Friday, June 5, 2009

Services, Services, Services

There's been a lot of talk in the press about a new economic model for Malaysia, and it isn't just a reaction to the present economic downturn we are facing. On a subjective level, the emergence of China as the world's factory has created a formidable competitor in manufacturing, but even here China is being superseded by Vietnam and Mexico in low-cost production. So there's been a lot of changes internationally in the last decade that put's into question Malaysia's development strategy. There's been an obvious impact in terms of trade and manufacturing numbers that help outline these trends.

Also while the share of total trade to GDP has been rising to a truly astounding level (+200%) the direct contribution of trade to growth has been negligible. I haven't fully worked out the indirect impact however, which ought to be substantial given the reaction of the economy to the deterioration of global trade this last 9 months. Nevertheless its interesting to note the evolving contributions to growth on the expenditure side:

Total Consumption52.6%91.2%
Government Consumption9.1%21.3%
Private Consumption43.5%69.9%
Gross Fixed Capital Formation36.3%16.6%
Net Exports9.2%1.4%

Between 1987 and 2000, the economy grew 159.7%, even with the recession of 1997-98. Out of that growth, just over half came from public and private consumption, while a further third came from investment. In contrast, the growth contribution of consumption for the period 2000-2008 exceeded 90% even if the share of consumption (<52%) is below the average for industrial economies, and the economy only grew 48.4%. In both cases, the direct growth contribution from trade was relatively minor.

So what's next, if manufacturing (on the supply side) and trade (on the demand side) are no longer the key drivers for growth? Quah Boon Huat of MIER outlines my own particular viewpoint of how the Malaysian economy ought to evolve:

“This change in policy focus on the services sector is not an unreasonable strategy shift considering that Malaysia will have trouble maintaining its growth momentum, going forward, if it were to continue relying on an export-led growth strategy that is primarily dependent on manufacturing. The strategy is after all already well past its sell-by date for Malaysia. This is because rising competition from regional powerhouses, China and India, countries that have significant competitive advantages in manufacturing, will see to that. “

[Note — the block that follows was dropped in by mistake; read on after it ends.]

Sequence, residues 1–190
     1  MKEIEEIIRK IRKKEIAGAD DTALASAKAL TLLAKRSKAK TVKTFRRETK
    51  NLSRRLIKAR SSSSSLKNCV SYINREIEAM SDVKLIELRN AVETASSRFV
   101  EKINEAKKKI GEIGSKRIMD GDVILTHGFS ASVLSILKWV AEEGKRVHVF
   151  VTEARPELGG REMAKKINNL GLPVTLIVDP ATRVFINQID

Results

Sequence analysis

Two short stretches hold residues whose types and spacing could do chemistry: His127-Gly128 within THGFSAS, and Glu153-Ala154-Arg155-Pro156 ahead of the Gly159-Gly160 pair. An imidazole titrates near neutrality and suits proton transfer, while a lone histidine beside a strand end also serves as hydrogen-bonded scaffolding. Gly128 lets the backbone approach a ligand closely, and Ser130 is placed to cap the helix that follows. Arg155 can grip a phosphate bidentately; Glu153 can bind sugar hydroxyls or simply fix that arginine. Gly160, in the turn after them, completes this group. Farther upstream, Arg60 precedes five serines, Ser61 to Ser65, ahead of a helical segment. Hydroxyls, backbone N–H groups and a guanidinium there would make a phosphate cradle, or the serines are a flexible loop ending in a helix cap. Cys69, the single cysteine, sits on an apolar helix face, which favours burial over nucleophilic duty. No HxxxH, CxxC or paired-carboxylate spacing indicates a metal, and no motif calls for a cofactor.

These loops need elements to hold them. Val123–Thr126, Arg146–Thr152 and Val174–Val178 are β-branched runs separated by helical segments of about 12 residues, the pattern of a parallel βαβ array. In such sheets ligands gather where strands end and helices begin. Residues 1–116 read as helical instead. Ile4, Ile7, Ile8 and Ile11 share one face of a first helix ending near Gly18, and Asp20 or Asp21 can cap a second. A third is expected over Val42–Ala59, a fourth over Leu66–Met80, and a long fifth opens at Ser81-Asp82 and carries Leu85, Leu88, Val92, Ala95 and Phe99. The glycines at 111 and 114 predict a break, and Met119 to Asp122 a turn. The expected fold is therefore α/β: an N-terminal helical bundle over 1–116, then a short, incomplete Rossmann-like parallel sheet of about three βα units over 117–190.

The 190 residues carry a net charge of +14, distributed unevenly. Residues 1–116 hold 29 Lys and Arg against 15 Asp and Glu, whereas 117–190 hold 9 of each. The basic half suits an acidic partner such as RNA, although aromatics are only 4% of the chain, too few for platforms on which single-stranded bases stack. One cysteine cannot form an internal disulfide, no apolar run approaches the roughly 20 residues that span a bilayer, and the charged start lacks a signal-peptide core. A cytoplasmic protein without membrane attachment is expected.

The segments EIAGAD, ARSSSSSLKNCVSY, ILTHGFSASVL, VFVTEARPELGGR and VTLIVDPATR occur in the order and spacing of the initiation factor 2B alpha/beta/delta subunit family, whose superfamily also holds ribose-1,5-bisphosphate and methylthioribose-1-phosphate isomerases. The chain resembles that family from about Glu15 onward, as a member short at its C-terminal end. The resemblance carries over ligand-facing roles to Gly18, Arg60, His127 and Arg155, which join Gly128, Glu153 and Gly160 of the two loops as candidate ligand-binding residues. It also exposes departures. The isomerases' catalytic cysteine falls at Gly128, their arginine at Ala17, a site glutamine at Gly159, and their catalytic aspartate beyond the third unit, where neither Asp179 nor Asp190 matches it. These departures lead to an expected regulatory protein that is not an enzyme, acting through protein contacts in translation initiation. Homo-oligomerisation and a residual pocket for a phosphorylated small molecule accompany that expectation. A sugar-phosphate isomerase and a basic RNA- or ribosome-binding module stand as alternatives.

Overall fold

I've been preaching a strategy shift to services sector growth for a few years now, but there is in fact little empirical backing for such a move. In fact the debate is still open when it comes to the determinants of economic growth. You could say that the warring camps on the appropriate policies and timing of development is really an argument on the level of theology rather than science – it takes a leap of faith.

There have been many alternative suggestions to getting Malaysia over the middle-income hurdle from a strong Ringgit policy, to raising real incomes, to promoting a consumption based economy.

The problem from an economic planning perspective is that there's very little in terms of solid guidance on what would constitute the right way forward. Every country's capabilities and resources are different; legal and judicial frameworks differ; culture, education and institutions don't work exactly alike. What works for one country may not necessarily work for another. Initial conditions matter in terms of reaching a particular level of development, and so does the timing of institutional development and reform. The social, political and economic chaos attendant to Eastern Europe's (and particularly Russia's) shift from centrally planned economies to market economies provides a strong counter argument against going cold turkey.

The literature on economic growth also provides little comfort, at least to my mind. Solow's seminal attempt at quantifying economic growth (after accounting for labour and capital inputs) resulted in the conclusion that technological progress was the key driver of growth. But empirical evidence in support has been largely contradictory and isn't a great deal of help in formulating a development strategy.